President Cyril Ramaphosa. (Photo by Michele Spatari/NurPhoto via Getty Images)
President Cyril Ramaphosa has closed the ANC’s national policy conference with his reform agenda — including the step-aside rule for corruption charged leaders — intact, strengthening his hand going into the party’s elective conference in December.
While Ramaphosa’s critics in the party had hoped to reverse or dilute the regulation on the grounds that it was being applied unevenly – in particular the leadership of KwaZulu-Natal and Limpopo – they failed to garner the support they needed to push back against the national executive committee’s (NEC) implementation of it.
Scathing criticism of Chief Justice Raymond Zondo — chairperson of the commission that probed state capture — by the ANC in KwaZulu-Natal ahead of the conference also failed to gain traction with other provinces, with the conference endorsing the NEC decision that those implicated in the Zondo report present themselves to the party’s integrity commission as a matter of urgency.
In his closing address, Ramaphosa said the conference had affirmed the resolutions of the 54th national conference in 2017 on corruption and state capture.
“The overwhelming view of the policy conference was for the retention of the step aside regulations to enhance the integrity of the movement and its leadership,” he said.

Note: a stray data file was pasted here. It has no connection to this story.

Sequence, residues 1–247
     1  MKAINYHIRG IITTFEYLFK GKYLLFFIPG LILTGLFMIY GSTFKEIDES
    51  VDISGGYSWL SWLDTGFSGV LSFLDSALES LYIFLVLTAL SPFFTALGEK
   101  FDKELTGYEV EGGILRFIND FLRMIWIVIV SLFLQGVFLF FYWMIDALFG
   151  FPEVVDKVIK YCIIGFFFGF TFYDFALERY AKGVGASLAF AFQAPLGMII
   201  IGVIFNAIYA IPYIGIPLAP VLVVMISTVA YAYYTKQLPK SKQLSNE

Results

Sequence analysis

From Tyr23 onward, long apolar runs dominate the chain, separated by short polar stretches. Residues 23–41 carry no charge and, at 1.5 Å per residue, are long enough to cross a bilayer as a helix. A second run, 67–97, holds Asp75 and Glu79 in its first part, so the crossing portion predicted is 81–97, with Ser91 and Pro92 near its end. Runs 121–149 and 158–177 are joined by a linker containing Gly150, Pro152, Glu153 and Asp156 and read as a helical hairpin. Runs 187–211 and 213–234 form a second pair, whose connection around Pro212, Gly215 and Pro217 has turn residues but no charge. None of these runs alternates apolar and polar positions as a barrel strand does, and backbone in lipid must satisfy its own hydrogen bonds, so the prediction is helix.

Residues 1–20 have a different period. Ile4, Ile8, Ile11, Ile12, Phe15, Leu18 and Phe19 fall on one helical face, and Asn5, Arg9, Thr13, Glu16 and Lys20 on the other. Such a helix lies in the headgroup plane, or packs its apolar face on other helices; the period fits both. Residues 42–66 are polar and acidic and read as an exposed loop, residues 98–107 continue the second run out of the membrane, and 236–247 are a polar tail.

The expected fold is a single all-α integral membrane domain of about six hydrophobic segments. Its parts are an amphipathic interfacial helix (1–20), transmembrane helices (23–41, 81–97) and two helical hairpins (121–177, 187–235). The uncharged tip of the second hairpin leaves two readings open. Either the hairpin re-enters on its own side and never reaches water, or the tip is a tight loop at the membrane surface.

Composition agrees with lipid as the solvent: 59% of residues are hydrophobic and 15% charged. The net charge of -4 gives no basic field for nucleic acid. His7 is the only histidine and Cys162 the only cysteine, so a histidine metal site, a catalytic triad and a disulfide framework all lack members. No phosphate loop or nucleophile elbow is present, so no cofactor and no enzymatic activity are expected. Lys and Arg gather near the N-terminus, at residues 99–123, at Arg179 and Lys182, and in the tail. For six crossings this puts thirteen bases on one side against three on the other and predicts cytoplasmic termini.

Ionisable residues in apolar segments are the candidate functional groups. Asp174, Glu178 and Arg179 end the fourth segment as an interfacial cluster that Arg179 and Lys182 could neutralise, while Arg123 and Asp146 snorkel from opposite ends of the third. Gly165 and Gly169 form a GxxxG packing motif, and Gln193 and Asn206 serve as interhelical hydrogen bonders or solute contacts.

“Conference also noted that there are strong concerns on the perceived lack of consistency in the application and implementation of this policy. Conference agreed that these must receive urgent attention so that the application of this is impartial, if fair and is consistent.”
The policy conference is a precursor for the national elective conference in December — at which Ramaphosa is expected to stand for a second term as ANC president — and the proxy battles fought over policy are an indication of how events might play out in five months’ time.
Ramaphosa said that it had confirmed the approach of the NEC on the state capture commission and that this would form the basis of a society wide effort to tackle corruption in all its forms.
The conference endorsed proposals for stabilising state owned entities, and for the state takeover of the South African Reserve Bank, subject to the ability of the government to deal with the financial implications of this.
It also endorsed an accelerated land reform programme, making use of a package of legislation to speed up the release of land.
Fears that delegates angered over the step-aside defeat might attempt to embarrass Ramaphosa never materialised, with delegates instead bursting into “Phaka Ramaphosa”, his campaign song from 2017.